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04
Oct
2012
Considerations for making 2013 rice seed selections
Author: Jarrod Hardke, Rice Extension Agronomist

In the next week, it will be time for growers to begin booking seed for 2013.  Given the high amount of variability in the 2012 rice growing season, some producers are very interested in getting some additional information prior to making their seed purchases.

Yield

While we do not yet have the results of this year’s Arkansas Rice Performance Trials (ARPT), the top varieties during these trials in 2011 were Caffey (189 bu/A), Francis (195), Jupiter (196), RoyJ (196), Taggart (215), and Templeton (194).  The top hybrids were RiceTec XL723 (190 bu/A) and RiceTec XP753 (254).  Averaged across the past three years, the highest yielding cultivars have been RiceTec XL723 (201 bu/A), RiceTec CL XL729 (195), Taggart (191), RiceTec CL XL745 (190), and RoyJ (186).

There is also some useful information to be had from our 2012 Rice Verification fields (not all verification fields have been harvested to date):

 

Variety County Field Size (A) Soil Type Yield (bu/A)
RiceTec XL 753 Jefferson

28

Clay

198

RoyJ Lee

83

Silt Loam

196

RiceTec XL 753 Lincoln

40

Clay

176

RoyJ Craighead

58

Clay

196

Jupiter Independence

29

Silt Loam

221

Taggart Jackson

36

Sandy Loam

171

RiceTec XL 745 Prairie

82

Silt Loam

193

RiceTec XL 723 Randolph

68

Sandy Loam

184

CL 151 Arkansas

120

Silt Loam

180

CL 151 Chicot

50

Clay

242

Milling quality

We’re still in the process of milling samples for all 2012 experiments, but I would like to look back to 2010 as an example of when we had high heat and low milling yields.  Milling yields in the 2010 ARPTs ranged from 51-64 to 59-66 with an average of 54-65.  In comparison, the 2009 and 2011 averages were 63-71 and 62-71, respectively.  Every variety and hybrid tested in 2010 showed a significant drop in either head rice yield or total milling yield compared to their performance in 2009 and 2011.  Reductions in milling quality can be caused by many factors, including high nighttime temperatures and re-wetting and drying once the crop nears maturity.  Not what everyone wants to hear, but sometimes it’s nobody’s fault but Mother Nature’s.

Economics

With reports of increased prices for both conventional hybrid and Clearfield hybrid seed for 2013 planting, it’s increasingly important to look at the economics of your cultivar selection prior to purchasing seed.  Basing some general estimates off of budget levels for 2012, a conventional (non-Clearfield) hybrid would need to yield ~5 bu/A greater than a conventional variety to provide the same economic return.  In comparison, a Clearfield hybrid would need to out-yield a conventional variety by ~13 bu/A to provide a comparable economic return.  Based on conservative estimates we’ve been hearing, prices may go up as much as $10/acre for hybrids and Clearfield hybrids.  This increase would mean the hybrids would need to outperform conventional varieties by an even greater margin to achieve a similar economic return.  Hybrids have generally been meeting that performance need, but this year’s Verification field results suggests that is not always the case.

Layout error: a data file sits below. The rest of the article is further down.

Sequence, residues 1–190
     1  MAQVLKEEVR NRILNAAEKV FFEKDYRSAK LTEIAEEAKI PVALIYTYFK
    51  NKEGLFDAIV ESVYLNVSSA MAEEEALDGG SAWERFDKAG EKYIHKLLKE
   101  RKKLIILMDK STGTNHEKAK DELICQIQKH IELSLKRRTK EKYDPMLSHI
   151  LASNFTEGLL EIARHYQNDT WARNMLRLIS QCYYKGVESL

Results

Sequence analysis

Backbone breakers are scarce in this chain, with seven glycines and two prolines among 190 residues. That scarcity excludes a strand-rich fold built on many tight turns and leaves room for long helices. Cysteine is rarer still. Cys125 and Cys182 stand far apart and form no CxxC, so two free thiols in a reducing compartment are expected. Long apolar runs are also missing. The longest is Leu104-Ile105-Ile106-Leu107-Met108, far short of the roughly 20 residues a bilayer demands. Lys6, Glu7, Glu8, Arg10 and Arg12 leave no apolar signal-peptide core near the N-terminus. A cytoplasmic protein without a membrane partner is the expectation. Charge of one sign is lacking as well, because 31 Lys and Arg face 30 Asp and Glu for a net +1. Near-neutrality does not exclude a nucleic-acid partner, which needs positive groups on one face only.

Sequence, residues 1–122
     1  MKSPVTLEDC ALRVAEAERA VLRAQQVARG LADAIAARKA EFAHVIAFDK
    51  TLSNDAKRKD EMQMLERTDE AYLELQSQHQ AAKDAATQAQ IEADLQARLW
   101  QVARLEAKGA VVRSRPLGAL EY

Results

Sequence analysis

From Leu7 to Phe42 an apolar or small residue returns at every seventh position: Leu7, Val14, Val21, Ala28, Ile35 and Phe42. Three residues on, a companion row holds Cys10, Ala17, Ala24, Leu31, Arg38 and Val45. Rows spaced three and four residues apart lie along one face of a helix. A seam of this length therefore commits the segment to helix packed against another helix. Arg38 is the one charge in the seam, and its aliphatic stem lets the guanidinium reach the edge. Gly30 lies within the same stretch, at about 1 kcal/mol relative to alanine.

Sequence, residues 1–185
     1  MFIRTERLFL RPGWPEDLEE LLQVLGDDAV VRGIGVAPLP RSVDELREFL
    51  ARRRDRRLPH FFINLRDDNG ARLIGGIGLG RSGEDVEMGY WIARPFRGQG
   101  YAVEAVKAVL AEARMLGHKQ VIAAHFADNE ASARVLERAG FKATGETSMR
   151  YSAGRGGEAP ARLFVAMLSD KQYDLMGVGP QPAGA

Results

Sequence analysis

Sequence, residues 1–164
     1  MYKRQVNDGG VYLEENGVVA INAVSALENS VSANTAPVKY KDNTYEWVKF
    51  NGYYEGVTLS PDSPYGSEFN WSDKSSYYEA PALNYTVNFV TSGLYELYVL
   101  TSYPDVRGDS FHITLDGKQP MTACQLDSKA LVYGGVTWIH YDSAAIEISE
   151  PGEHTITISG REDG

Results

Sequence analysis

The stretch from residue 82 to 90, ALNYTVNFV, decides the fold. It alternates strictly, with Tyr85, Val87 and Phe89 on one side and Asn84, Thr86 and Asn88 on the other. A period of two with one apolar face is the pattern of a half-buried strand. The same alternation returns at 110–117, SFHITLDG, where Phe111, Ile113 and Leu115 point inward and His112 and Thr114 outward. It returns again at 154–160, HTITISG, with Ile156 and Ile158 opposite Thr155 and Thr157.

Summary

This information is a preliminary attempt to show that we have the ability to successfully (and profitably) produce a number of varieties and hybrids.  The most important focus for rice growers should be in getting the best cultivar (variety or hybrid) on the most appropriate ground.  Some cultivars are better on certain soil types and conditions compared to others.  While suggestions can be made based on our general observations, it is essential that growers test new cultivars on their farms under their particular growing conditions.  Get enough seed of an alternative to try on 5-10 acres just to see if it performs well enough to try on a larger acreage next season.  Our goal is to provide rice producers with as much of the best information possible for generating a high-yielding, high-quality, and highly profitable rice crop.  However, we cannot account for every detail and nuance of every field on every farm.  It’s important to take this information and use it as a guide to give you the best chance of success.

We’ll be providing preliminary results for milling yield and grain yield from the 2012 ARPTs as soon as we are able.

 


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